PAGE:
Some provinces, hamstrung by a shortage of health care workers, closed or scaled back vaccination clinics on Christmas and Boxing Day. Others planned to hold in reserve the second of the two doses required for longer-lasting immunity in case of supply disruptions, a position most have reversed.

Alberta’s vaccine rollout is facing significant delays. The province gave initial doses to 14,244 people as of Dec. 31, according to a recent tweet from the province’s Chief Medical Officer of Health Deena Hinshaw, with about 3,000 more expected on New Year’s Day. Those numbers are still far short of the province’s goal of inoculating 29,000 people by the end of 2020.

British Columbia has had more success than some other provinces in rolling out the vaccines it has received. During a briefing Monday, Provincial Health Officer Bonnie Henry said up to the close of clinics on Sunday B.C. had vaccinated a total of 24,139 people, meaning it has injected about 44 per cent of the 54,625 doses it has received so far.

Ontario has administered the most total doses of any province – 41,983, according to the most recent official figure – but the fewest per capita. Ontario received just over 148,000 doses by the end of December.

David Williams, Ontario’s Chief Medical Officer of Health, said the official figure of injected doses was an undercount because it did not include injections of the Moderna vaccine, which Ontario starting administering inside long-term care homes in the Greater Toronto Area on Dec. 31.

Brian Hodges, the chief medical officer of Toronto’s University Health Network, has been leading the first teams of vaccinators into long-term care and retirement homes, an effort he expects will ramp up significantly this week.

On Monday morning, he was at Cedarvale Terrace, where in a matter of hours the team of two primary-care doctors and four nurses vaccinated 148 residents, 36 workers and eight essential family caregivers. The team conducted a blitz at another home in the afternoon.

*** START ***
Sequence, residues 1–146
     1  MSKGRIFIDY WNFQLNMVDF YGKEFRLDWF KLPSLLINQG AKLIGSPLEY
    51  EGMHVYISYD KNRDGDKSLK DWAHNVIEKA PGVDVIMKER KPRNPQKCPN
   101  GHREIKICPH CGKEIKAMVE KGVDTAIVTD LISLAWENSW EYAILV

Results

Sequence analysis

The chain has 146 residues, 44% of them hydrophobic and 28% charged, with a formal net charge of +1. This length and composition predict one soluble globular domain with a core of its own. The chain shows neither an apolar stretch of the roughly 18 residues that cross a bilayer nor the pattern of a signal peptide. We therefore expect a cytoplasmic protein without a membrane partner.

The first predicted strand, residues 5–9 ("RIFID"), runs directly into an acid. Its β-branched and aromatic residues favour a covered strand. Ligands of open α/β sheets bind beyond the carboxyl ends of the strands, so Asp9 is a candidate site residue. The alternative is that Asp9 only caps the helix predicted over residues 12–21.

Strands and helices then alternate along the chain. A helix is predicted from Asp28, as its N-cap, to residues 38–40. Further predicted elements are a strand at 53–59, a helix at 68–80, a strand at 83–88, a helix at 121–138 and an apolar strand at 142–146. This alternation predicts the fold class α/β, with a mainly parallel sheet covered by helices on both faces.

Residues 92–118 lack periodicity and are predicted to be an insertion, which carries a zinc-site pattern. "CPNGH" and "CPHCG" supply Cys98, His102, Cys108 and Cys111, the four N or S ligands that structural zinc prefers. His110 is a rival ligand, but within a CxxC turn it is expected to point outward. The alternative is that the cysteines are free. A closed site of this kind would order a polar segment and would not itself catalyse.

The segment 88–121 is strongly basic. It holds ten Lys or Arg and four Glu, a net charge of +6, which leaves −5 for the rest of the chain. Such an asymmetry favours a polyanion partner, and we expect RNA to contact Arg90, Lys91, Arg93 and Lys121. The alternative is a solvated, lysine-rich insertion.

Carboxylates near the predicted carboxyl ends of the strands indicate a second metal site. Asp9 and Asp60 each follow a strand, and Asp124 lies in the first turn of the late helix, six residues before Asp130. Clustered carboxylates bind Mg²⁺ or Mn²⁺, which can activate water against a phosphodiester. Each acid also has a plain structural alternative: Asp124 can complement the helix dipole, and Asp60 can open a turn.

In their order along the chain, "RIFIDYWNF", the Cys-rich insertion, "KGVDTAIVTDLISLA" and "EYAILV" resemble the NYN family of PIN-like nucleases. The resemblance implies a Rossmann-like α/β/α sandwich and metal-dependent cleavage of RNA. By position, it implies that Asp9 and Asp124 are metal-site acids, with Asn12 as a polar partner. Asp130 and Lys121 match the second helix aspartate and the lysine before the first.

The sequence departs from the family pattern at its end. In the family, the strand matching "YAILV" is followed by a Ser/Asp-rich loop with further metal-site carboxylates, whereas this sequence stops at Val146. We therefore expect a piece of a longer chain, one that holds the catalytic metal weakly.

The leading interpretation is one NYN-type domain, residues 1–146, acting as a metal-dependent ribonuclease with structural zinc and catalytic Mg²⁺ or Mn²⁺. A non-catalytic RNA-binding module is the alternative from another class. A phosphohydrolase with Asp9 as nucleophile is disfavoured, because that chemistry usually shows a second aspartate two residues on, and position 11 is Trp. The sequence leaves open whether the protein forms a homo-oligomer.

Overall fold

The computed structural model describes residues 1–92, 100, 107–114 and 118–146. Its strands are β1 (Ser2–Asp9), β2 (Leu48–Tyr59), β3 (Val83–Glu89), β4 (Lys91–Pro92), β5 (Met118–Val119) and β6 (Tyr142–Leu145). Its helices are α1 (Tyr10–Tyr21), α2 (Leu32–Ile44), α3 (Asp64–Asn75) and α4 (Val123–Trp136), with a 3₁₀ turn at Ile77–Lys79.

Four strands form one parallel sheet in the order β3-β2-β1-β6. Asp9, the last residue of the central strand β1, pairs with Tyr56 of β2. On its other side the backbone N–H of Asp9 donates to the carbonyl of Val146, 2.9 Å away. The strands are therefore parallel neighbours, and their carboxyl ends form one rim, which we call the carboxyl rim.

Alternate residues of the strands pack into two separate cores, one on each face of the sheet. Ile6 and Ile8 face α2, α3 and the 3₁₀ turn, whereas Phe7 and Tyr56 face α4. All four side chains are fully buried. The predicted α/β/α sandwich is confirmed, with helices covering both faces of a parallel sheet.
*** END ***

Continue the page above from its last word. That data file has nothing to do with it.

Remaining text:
“This has been a dark time for many people and a real challenge in long-term care,” Dr. Hodges said. “What we are seeing, repeatedly, in home after home, is smiles, tears, shouting, joy and hope.”

Ontario opted to distribute its first doses of the Pfizer shot, which Health Canada authorized on Dec. 9, only through hospitals with access to freezers capable of keeping vials at -70 C, as the vaccine-maker suggested.

By contrast, Quebec began administering the Pfizer vaccine inside long-term care homes as soon as it received its first doses.

Dr. Stall called Ontario’s decision to delay the rollout of the vaccine in long-term care until the Moderna doses arrived “unforgiveable.”

“We could have prevented the cases that are now happening and the deaths that are going to happen of these long-term care residents had we actually used that [Pfizer] product,” he said.

Allison McGeer, an infectious diseases physician at Sinai Health System, said “there is no reason why we shouldn’t have a dose of vaccine into every long-term care resident in [hard-hit] areas of the province by Friday or Saturday. There are volumes of capable people who want to help. We vaccinate people in long-term care all the time.”

Dr. McGeer said that the delay in vaccination in long-term care in Ontario reflects “our societal attitudes toward long-term care.”

“We’re prioritizing long-term care, but we don’t actually, truthfully care about it all that much,” she said. “So it doesn’t feel that urgent to a lot of people. That’s the only logical explanation that I can have.”

With reports from Ian Bailey, James Keller and Jeremy Agius